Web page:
What is Clustering?

Clustering, is nothing more than grouping your service deliverables or offerings around key geographic areas. Clustering can be applied to many types of businesses and services.

Most major sales organizations have been using clustering for decades. Sales forces use clustering as a way of making the maximum sales calls with minimal travel time between each location. Most delivery companies do the same to generate the necessary efficiencies needed to stay competitive.

Although you would think the concept of clustering is common sense, it has been my experience that it’s not.

To better illustrate, the following are a couple of examples:

Clustering for Service Businesses

Consider the example of a service company. This could be anything from a landscaping business, to equipment repair or a roofing company. It’s not uncommon for many of these companies to be running all over the city, performing their services throughout the day.

For many this comes about because of their marketing and promotion activities. Countless businesses owners wrongly assume that they need to advertise to the widest possible group of customers in the largest geographic area. Often, they have been convinced that, for just a few dollars more, they can blanket the whole city or region instead of focusing on a tighter geographic area.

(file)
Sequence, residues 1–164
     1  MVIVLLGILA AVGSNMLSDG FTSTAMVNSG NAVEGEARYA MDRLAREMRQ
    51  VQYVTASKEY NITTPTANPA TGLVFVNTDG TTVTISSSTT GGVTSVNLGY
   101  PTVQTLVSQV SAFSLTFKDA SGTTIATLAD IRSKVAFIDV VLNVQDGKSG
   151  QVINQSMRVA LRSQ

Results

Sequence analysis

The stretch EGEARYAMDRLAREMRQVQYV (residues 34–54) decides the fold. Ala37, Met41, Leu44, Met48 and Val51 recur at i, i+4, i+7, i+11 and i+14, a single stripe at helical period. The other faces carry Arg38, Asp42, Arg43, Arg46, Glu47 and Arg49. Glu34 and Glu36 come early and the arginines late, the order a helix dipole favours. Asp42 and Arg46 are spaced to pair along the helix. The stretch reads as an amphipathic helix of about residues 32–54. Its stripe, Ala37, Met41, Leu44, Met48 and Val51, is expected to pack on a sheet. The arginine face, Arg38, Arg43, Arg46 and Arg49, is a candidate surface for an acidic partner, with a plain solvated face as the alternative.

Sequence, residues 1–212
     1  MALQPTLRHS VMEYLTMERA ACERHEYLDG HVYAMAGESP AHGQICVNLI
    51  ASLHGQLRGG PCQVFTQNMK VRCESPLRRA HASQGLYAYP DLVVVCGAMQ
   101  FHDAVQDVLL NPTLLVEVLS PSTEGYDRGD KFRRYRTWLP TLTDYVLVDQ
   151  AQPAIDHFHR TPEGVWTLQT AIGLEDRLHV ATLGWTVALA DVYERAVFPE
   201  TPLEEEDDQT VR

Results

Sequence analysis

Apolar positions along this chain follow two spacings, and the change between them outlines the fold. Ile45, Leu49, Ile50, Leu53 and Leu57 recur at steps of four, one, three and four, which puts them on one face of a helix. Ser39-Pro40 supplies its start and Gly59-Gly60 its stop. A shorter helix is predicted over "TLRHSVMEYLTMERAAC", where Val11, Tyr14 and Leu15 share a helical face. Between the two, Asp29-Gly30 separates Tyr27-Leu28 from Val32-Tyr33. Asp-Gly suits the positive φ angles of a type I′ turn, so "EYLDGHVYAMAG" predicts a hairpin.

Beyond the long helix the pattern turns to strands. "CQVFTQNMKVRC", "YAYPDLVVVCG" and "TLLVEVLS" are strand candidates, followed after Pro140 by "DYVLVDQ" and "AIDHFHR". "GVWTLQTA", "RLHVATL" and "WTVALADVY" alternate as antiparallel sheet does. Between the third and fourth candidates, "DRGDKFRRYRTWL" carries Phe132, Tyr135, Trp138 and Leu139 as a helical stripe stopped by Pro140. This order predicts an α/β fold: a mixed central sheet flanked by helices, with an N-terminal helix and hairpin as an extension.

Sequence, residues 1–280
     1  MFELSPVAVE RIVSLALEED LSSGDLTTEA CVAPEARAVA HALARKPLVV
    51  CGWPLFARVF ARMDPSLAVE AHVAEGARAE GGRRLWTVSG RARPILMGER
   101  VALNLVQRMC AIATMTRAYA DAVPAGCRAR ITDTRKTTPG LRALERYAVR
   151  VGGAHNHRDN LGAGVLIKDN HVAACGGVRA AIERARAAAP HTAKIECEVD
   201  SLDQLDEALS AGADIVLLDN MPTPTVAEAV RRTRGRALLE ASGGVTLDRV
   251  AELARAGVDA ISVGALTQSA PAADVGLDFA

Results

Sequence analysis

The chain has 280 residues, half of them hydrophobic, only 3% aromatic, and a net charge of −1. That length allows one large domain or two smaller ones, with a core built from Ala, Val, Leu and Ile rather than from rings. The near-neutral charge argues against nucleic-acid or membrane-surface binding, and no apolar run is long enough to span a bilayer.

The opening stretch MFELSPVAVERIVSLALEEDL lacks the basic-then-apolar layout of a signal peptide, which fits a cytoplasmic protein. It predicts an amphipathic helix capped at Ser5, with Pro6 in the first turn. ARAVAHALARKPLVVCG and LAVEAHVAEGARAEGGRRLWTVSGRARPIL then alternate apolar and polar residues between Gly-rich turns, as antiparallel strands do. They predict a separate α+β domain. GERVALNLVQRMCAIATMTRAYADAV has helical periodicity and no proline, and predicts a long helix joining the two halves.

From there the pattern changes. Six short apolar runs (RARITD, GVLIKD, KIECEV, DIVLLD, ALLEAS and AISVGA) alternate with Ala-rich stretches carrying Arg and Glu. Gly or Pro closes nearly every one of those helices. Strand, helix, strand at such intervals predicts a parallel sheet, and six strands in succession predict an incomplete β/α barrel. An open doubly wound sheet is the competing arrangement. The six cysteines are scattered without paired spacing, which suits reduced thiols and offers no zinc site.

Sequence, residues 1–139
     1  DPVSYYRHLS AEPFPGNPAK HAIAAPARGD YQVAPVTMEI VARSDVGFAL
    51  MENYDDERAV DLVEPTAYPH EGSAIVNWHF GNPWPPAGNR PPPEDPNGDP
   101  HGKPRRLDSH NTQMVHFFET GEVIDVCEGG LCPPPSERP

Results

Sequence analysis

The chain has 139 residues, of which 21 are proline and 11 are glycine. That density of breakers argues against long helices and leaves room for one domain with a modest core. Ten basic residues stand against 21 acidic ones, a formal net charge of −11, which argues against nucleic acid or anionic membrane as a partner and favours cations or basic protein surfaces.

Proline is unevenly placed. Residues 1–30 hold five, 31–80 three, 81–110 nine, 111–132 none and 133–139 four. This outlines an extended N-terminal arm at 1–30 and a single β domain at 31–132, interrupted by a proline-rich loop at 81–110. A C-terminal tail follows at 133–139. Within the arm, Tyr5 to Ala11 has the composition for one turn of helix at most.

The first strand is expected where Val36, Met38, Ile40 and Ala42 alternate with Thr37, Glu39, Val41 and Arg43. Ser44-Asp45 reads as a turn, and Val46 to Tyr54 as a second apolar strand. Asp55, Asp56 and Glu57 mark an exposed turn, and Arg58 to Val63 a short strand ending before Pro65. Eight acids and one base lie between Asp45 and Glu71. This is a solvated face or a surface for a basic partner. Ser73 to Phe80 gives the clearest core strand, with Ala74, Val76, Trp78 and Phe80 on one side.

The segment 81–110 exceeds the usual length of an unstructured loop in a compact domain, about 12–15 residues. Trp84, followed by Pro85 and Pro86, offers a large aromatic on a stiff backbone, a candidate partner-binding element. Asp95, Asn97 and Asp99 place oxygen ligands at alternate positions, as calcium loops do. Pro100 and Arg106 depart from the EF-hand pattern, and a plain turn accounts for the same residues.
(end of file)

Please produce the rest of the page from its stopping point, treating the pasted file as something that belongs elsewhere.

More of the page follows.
Appealing as that sounds, this shotgun approach can lead to huge inefficiencies as they now run around the city burning fuel and man hours going between jobs. When you consider that many service company use lawn signs to promote their companies, having many signs in a tight geographic area drives higher customer awareness of your company. As an added bonus, this may help your business development initiatives because people are familiar with your company name.

Granted, every city and business is different and focusing on just one area may not be feasible. However, clustering can still be effective in these situations by limiting your service to certain areas on specific days of the week. For instance, we work in the East end on Monday, South end on Tuesday and so on.
Clustering in this case, ultimately allows you to service more customers during a single day with a greater number of billable hours at reduced costs.

Clustering for Retail Businesses

Retail businesses can also benefit from clustering and save significant money in their advertising and promotions costs. The first thing you need to do is to understand where most of your customers are coming from. By simply collecting their postal or zip code, you’ll quickly see a pattern emerge from key geographic areas. One thing that may surprise you is that most of your customers aren’t coming from as far as you think.